Dec 12, 2013
Sotomayor’s Bumpy Road to Confirmation
Posted on Aug 6, 2009
By T.L. Caswell
The Senate has made it official: Sonia Sotomayor will wear the robe of a U.S. Supreme Court justice.
Federal appellate Judge Sotomayor’s nomination was confirmed Thursday on a vote of 68 to 31. For the 55-year-old Greenwich Village resident, who is of Puerto Rican descent, the action marked the end of an 11-week-long vetting process in which, at least in some minds, troubling questions of ethnic identity, gender and judicial activism were raised.
The nomination easily survived a barrage of criticism that started when President Barack Obama announced his selection of Sotomayor on May 26 to replace retiring Associate Justice David Souter, 69. Souter often voted with the liberal bloc on the high court although he was nominated by a conservative Republican president, George H.W. Bush, in 1990. In recent years, the typical vote split in cases with heavy ideological or political content has been 5 to 4, with the conservatives on top.
The dyed-in-the-wool conservatives on the court are Chief Justice John Roberts and Justices Antonin Scalia, Clarence Thomas and Samuel Alito. The liberal votes usually come from Justices Souter, John Paul Stevens, Ruth Bader Ginsburg and Stephen Breyer. The conservative Justice Anthony Kennedy is often the crucial swing vote.
According to a 2008 article “ranking the politics” of U.S. justices over the years, “Four of the five most conservative justices to serve on the Supreme Court since Franklin Roosevelt … are currently sitting on the bench today.” A fifth member of the current court, Kennedy, nominated by the Republican Ronald Reagan in 1988, also is in the top 10. The survey covered the 43 judges who have been on the high court since 1937.
Another article, also posted last year, gives the rankings of the four other court members, all liberals, along with their percentages of conservative votes: No. 29, Souter, 37.4 percent; No. 31, Breyer, 37.2; No. 32, Stevens, 34.1; and No. 35, Ginsburg, 31.2.
Although it’s impossible to foresee a justice’s ideological evolution over a career of many years on the bench (witness the far right’s disappointment in Souter), Sotomayor is expected to generally be in the liberal bloc. And because she will replace the liberal Souter, the ideological composition of the court will not change. The vote division will continue to favor the justices on the right—unless the retirement or death of a conservative justice enables President Obama to send up another liberal nominee. None of the conservative justices is so old that infirmities of age would be probable to force his retirement during a two-term Obama presidency. If Obama were president for eight years and the five conservative justices remained on the court, these would be their ages when he left office: Scalia, 80; Kennedy, 80; Thomas, 68; Alito, 66; and Roberts, 61. So, it’s far from a sure bet that Obama will be able to replace any conservatives with liberals.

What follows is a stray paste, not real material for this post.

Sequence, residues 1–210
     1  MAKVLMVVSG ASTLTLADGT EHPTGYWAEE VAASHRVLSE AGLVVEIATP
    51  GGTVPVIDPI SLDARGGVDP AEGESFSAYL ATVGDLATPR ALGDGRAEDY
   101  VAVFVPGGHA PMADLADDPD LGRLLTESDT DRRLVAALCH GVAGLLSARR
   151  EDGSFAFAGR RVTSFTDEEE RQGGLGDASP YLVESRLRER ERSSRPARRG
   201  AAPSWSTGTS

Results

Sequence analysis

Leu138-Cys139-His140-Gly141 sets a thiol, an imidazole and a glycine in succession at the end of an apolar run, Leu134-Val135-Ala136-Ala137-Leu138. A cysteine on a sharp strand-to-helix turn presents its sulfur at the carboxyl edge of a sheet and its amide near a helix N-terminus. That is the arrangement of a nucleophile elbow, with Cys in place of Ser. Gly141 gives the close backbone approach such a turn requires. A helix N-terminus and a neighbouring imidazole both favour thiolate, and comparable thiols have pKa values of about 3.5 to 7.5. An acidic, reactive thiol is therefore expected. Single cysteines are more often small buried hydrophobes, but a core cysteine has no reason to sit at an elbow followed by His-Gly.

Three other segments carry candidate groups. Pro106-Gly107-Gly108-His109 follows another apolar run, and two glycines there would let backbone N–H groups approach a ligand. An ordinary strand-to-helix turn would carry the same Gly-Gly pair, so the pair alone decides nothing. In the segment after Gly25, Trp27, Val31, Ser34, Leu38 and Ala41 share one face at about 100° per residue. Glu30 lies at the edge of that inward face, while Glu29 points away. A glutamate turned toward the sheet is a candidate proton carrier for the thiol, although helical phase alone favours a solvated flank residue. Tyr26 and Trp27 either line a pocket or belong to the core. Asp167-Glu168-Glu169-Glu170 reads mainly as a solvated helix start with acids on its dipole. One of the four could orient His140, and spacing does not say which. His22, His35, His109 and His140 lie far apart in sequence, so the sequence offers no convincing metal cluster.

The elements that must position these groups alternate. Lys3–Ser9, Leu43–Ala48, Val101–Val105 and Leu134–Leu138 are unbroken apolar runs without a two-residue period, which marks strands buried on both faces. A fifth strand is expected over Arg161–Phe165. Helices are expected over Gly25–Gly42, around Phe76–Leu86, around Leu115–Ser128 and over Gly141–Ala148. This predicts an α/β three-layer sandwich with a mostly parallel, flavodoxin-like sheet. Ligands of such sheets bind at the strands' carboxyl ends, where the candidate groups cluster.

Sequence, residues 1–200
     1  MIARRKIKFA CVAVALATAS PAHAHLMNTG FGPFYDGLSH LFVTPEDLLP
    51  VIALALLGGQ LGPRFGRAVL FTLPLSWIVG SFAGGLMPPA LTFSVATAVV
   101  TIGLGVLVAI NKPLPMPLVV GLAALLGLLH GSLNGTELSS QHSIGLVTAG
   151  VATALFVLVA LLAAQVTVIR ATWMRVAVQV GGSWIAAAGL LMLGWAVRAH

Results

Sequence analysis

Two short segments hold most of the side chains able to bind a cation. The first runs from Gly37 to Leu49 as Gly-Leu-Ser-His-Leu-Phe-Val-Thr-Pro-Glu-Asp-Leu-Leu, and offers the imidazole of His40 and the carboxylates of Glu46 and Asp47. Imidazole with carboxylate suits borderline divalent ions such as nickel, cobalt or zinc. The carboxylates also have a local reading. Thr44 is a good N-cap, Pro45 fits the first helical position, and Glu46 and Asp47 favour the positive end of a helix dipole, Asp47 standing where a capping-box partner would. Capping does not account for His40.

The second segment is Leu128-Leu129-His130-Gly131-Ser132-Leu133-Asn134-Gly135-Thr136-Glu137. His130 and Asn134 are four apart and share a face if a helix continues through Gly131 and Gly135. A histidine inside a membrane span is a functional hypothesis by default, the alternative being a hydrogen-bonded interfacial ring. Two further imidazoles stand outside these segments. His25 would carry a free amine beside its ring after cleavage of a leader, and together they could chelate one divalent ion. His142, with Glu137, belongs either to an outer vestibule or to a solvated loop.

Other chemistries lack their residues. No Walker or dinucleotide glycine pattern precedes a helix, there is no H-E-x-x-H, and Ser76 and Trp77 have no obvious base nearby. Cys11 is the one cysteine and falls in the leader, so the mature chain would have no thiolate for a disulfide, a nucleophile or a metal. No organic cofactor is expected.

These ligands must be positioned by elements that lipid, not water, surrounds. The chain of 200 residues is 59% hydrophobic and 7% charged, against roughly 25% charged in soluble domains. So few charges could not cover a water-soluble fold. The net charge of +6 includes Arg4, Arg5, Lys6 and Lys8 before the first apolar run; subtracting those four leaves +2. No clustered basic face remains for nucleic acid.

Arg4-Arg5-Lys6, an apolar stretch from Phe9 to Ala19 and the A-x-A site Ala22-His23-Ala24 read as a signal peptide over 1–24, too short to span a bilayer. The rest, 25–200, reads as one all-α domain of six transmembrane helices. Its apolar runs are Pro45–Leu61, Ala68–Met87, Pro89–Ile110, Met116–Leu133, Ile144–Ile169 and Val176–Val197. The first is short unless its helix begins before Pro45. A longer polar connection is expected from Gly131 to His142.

For sake of comparing Thursday’s 68-31 vote to a couple of other Senate confirmation votes within the last several years: The 2005 vote on Roberts was 78 to 22; the 2006 vote on Alito, 58 to 42.
Berating a president’s Supreme Court nominee has been one of the delightful perks of public service for generations of Washington pols, both Republicans and Democrats. Many Supreme Court nominees have been rewarded for their achievements by being thrashed in the village square. Even a saintly, judicially flawless jurist who had walked on the water of the nearby Capitol Reflecting Pool en route to a confirmation hearing might not avoid a generous lashing at the hands of Senate inquisitors from the opposing party. By Washington standards, it’s all in good fun.
A nominee’s paper trail almost always presents something for the opposition to sink its fangs into. In Sotomayor’s case, the succulent item was a statement she made in a 2001 speech at UC Berkeley: “ … I would hope that a wise Latina woman with the richness of her experiences would more often than not reach a better conclusion than a white male who hasn’t lived that life.” (Click here to see the text of her speech.)
Had Sotomayor—who made similar remarks with slightly different phrasing on other public occasions—known that within the decade she would be facing a congressional hearing on her nomination to the Supreme Court, she may well have chosen different words. In testifying July 14 she said about the controversial comment:
“I was trying to inspire them [members of Latino groups she was addressing] to believe that their life experiences would enrich the legal system, because different life experiences and backgrounds always do. I don’t think there is a quarrel with that in our society. I was also trying to inspire them to believe they could become anything they wanted to become, just as I had.”
She went on to say to the senators: “The context of the words that I spoke have created a misunderstanding.”
At a hearing session the next day, she admitted in response to a question from a GOP senator that her “wise Latina” phrase was “a rhetorical flourish that fell flat.”
But even in view of her admission—some might say her apology—the quotation carried what many in America’s minority communities and elsewhere saw as a wealth of insight, especially when read in the context of the full speech she gave at Berkeley. Of course, such insight was lost on many of the judge’s congressional critics: She was denounced as a self-indulgent judicial activist who would make court decisions on the basis of “empathy” rather than the law and as someone who saw herself as imbued with special powers because of her ethnicity and life experience.
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